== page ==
Catalonia’s leader has accused Madrid of imposing a “de facto state of emergency” in the Spanish region and said the arrests were a “shameful attack” on its autonomy.
“We condemn and reject the anti-democratic and totalitarian actions of the Spanish state,” Catalan President Carles Puigdemont said in a televised address.
Among those detained are Josep Maria Jove, the Catalonian secretary general of economic affairs, and Vice President Oriol Junqueras.
The region is seeking a vote to secede from Spain on 1 October.
Recent crackdowns have included forcing internet service providers to block access to websites advertising the vote, and Spanish authorities are seeking to prevent voting cards being posted out.
Hundreds of protesters gathered outside the regional government offices in the centre of Barcelona’s tourist district following the arrests.
According to Sky sources, three government yachts with members of the Policia Nacional, the primary anti-riot body in Spain, have docked in Barcelona.
The Spanish interior ministry has said all time off and vacation will be suspended for Policia Nacional and Guardia Civil members stationed in Catalonia until 5 October.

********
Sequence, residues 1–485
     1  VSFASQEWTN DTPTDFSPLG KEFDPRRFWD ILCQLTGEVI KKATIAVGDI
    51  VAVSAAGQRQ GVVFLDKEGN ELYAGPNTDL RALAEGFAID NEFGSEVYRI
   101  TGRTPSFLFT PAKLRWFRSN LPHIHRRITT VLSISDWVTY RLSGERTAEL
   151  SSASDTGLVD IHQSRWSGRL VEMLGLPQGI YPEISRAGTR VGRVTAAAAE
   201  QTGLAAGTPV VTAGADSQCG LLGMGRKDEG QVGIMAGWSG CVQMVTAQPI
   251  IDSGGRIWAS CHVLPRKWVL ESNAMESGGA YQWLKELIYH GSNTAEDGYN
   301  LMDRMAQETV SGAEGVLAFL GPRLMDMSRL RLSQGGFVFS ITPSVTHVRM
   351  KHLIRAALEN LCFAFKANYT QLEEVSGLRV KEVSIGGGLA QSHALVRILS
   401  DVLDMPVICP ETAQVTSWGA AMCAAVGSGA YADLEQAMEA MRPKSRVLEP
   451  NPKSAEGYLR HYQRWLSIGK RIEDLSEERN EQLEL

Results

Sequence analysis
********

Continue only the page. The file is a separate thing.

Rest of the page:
“They are basically occupying the streets with cops,” one Barcelona resident told Sky News.
Barcelona football club has condemned the actions of the police, saying the club supports the right to free expression.
But Spanish Prime Minister Mariano Rajoy has described the independence movement as intolerable.
“There’s no democratic state in the world that would accept what these people are planning,” he said.
And foreign minister Alfonso Dastis told Bloomberg that referendums were the “weapon of choice of dictators”.
The Spanish government is backed by the nation’s constitutional court in declaring the referendum illegal.
Catalonian secessionists complain that appointments to the court are made by the largest political parties in Madrid, and are therefore not independent.